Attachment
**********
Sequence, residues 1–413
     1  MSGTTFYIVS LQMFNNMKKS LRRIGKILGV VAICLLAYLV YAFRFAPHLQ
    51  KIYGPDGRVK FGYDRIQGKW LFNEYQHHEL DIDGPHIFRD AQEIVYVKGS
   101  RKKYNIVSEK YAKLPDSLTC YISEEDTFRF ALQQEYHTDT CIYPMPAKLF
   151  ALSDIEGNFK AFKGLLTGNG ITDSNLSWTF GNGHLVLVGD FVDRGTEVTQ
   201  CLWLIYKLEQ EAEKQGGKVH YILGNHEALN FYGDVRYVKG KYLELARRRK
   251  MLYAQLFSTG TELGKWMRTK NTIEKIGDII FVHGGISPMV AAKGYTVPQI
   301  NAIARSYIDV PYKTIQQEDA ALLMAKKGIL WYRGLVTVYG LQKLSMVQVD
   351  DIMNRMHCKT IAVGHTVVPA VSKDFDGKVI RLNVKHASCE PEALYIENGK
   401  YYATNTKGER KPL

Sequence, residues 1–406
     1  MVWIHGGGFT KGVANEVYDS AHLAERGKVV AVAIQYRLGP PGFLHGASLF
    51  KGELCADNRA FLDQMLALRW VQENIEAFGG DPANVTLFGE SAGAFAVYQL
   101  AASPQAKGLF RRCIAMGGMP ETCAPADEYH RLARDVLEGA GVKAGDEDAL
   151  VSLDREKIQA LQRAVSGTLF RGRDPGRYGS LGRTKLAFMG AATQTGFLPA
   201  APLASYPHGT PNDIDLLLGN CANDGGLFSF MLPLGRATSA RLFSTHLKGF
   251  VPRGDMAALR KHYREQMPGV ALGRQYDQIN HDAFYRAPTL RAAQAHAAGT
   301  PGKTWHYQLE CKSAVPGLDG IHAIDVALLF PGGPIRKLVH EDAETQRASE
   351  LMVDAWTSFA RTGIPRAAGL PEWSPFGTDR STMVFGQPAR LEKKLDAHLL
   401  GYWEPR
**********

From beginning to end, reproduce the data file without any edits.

Sequence, residues 1–413
     1  MSGTTFYIVS LQMFNNMKKS LRRIGKILGV VAICLLAYLV YAFRFAPHLQ
    51  KIYGPDGRVK FGYDRIQGKW LFNEYQHHEL DIDGPHIFRD AQEIVYVKGS
   101  RKKYNIVSEK YAKLPDSLTC YISEEDTFRF ALQQEYHTDT CIYPMPAKLF
   151  ALSDIEGNFK AFKGLLTGNG ITDSNLSWTF GNGHLVLVGD FVDRGTEVTQ
   201  CLWLIYKLEQ EAEKQGGKVH YILGNHEALN FYGDVRYVKG KYLELARRRK
   251  MLYAQLFSTG TELGKWMRTK NTIEKIGDII FVHGGISPMV AAKGYTVPQI
   301  NAIARSYIDV PYKTIQQEDA ALLMAKKGIL WYRGLVTVYG LQKLSMVQVD
   351  DIMNRMHCKT IAVGHTVVPA VSKDFDGKVI RLNVKHASCE PEALYIENGK
   401  YYATNTKGER KPL

Sequence, residues 1–406
     1  MVWIHGGGFT KGVANEVYDS AHLAERGKVV AVAIQYRLGP PGFLHGASLF
    51  KGELCADNRA FLDQMLALRW VQENIEAFGG DPANVTLFGE SAGAFAVYQL
   101  AASPQAKGLF RRCIAMGGMP ETCAPADEYH RLARDVLEGA GVKAGDEDAL
   151  VSLDREKIQA LQRAVSGTLF RGRDPGRYGS LGRTKLAFMG AATQTGFLPA
   201  APLASYPHGT PNDIDLLLGN CANDGGLFSF MLPLGRATSA RLFSTHLKGF
   251  VPRGDMAALR KHYREQMPGV ALGRQYDQIN HDAFYRAPTL RAAQAHAAGT
   301  PGKTWHYQLE CKSAVPGLDG IHAIDVALLF PGGPIRKLVH EDAETQRASE
   351  LMVDAWTSFA RTGIPRAAGL PEWSPFGTDR STMVFGQPAR LEKKLDAHLL
   401  GYWEPR